Here's the thing. Alvin Greene isn't unknown! I'm not an American and i know who he is. He posts on a ton of internet forums. He is well known on Digg, reddit etc.

There have been threads about him with 1000+ Diggs.
http://digg.com/search?s=Alvin+Greene [digg.com]
If you consider any publicity to be good publicity Alvin Greene is the most well known politician after Obama. It seems to me this is a case of a politician discovering an entirely new way to promote themselves- Log into social media sites and start posting.

All of the threads that have on the social news sites you point out have been created since he won the nomination. He did not post or promote himself on any of the popular social media sites.

Re:Alvin Greene isn't unknown (4, Informative)

xylix (447915) | more than 4 years ago | (#32575562)

There were threads about him with 1000+ Diggs *** AFTER *** the election, due to an interview with Keith Olberman (AFTER the election) where he appears to be several bricks short of a load. What does his becoming known after the election have to do with Alvin Green being unknown prior to voting in SC? Illogical argument.

Refreshing (2, Funny)

TheRealQuestor (1750940) | more than 4 years ago | (#32575358)

I don't know, to know all the crap the fellow in office is going to jail for ahead of time quite refreshing really. Saves a lot of drama later.

Open Source Government - Daily Voting... (2, Funny)

freescv (1642459) | more than 4 years ago | (#32575370)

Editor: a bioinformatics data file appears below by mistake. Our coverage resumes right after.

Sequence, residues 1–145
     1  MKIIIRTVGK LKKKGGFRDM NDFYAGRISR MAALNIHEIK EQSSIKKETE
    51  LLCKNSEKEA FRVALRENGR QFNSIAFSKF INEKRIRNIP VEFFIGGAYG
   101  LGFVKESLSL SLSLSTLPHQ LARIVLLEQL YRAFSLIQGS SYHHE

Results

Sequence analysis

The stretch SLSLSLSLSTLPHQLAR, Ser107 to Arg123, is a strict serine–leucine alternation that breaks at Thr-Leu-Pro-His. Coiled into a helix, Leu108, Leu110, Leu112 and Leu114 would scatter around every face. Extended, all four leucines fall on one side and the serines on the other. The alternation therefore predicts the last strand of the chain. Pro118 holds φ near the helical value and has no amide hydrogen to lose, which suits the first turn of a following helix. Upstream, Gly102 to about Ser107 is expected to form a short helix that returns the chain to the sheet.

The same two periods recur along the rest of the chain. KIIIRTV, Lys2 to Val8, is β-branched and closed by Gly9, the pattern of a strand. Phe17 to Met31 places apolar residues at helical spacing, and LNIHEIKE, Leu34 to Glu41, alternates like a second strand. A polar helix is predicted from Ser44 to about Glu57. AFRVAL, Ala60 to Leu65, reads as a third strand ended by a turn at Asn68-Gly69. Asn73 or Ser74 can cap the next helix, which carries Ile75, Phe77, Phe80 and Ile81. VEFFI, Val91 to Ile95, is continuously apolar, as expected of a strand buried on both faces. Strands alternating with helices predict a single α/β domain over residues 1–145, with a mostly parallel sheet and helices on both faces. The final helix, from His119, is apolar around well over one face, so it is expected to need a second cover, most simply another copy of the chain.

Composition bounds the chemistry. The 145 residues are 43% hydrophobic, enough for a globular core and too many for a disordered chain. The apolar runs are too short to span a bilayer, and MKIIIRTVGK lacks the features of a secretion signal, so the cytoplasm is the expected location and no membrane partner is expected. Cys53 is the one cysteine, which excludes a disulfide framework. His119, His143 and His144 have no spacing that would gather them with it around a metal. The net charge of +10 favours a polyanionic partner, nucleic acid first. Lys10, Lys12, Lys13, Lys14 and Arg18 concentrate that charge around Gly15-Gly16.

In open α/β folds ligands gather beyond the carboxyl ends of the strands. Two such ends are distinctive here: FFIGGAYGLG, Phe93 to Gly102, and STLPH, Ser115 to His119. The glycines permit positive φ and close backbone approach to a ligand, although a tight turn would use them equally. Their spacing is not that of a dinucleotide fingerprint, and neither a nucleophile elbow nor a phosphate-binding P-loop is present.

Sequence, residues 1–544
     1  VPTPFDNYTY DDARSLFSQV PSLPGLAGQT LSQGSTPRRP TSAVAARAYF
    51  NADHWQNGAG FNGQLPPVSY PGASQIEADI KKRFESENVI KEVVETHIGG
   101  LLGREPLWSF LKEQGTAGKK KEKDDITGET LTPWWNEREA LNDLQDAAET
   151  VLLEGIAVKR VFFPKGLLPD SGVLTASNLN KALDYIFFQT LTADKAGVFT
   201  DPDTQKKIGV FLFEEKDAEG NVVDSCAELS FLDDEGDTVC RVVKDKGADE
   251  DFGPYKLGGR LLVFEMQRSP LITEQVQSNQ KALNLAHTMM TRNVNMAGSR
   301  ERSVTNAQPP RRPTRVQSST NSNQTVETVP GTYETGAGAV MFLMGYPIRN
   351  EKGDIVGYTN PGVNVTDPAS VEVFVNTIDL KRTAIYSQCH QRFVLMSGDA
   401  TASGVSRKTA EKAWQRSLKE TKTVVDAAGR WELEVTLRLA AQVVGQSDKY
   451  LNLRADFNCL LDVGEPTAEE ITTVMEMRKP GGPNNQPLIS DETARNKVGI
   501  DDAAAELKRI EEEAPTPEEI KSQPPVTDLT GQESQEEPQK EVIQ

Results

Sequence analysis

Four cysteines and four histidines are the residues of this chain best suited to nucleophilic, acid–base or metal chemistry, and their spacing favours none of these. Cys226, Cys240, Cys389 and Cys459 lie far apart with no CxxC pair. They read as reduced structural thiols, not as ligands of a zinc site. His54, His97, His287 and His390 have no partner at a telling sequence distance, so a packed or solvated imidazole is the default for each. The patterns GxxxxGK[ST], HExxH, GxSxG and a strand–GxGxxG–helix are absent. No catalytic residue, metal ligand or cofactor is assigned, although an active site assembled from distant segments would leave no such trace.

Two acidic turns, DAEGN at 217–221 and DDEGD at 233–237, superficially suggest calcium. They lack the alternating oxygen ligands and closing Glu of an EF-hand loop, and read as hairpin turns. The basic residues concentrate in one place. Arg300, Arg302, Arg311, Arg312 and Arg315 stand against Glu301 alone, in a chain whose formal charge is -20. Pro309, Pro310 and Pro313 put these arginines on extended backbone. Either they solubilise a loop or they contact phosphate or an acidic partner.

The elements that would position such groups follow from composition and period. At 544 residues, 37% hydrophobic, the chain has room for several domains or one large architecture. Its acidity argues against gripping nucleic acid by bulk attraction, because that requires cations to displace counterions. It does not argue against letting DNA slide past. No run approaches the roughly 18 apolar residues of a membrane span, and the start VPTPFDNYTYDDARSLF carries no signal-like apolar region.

hey guys, Been stuck on Grepolis.net the past few months. Anyways I feel that daily voting can fix lots of this. I am wondering if an open source software system could be made. -anon voting while preventing double voters (craigslist email style, only system knows yer identity) -330 million Americans, 30 million Canadians, 60 million UK residents, all downvoting "RIAAtarded" laws no one wanted in the first place Hoping "iVote" will take the lead someday. If voting is so important every 5 years why do we not do it everyday? With secure voting systems the military would use to protect THEIR systems (heard they run varities of Linux b/c Windows is too insecure) My big question is can this even be done? You guys are the smart ones on here. I await the idea of online 24/7 voting on some website to be cut up and reverse engeneered for the betterment of man. :P I just thought the ideals of Linux could port over to our corrupt government, easily bought. They should ref the game, not give home team advantage.... Anyways I felt enough about this issue to buy up: http://www.opensourceg.com/ [opensourceg.com] Just a place to rant and save ideas about the possibility of voting each day like e-mail of facebook. Thanks for reading. :) FreeSCV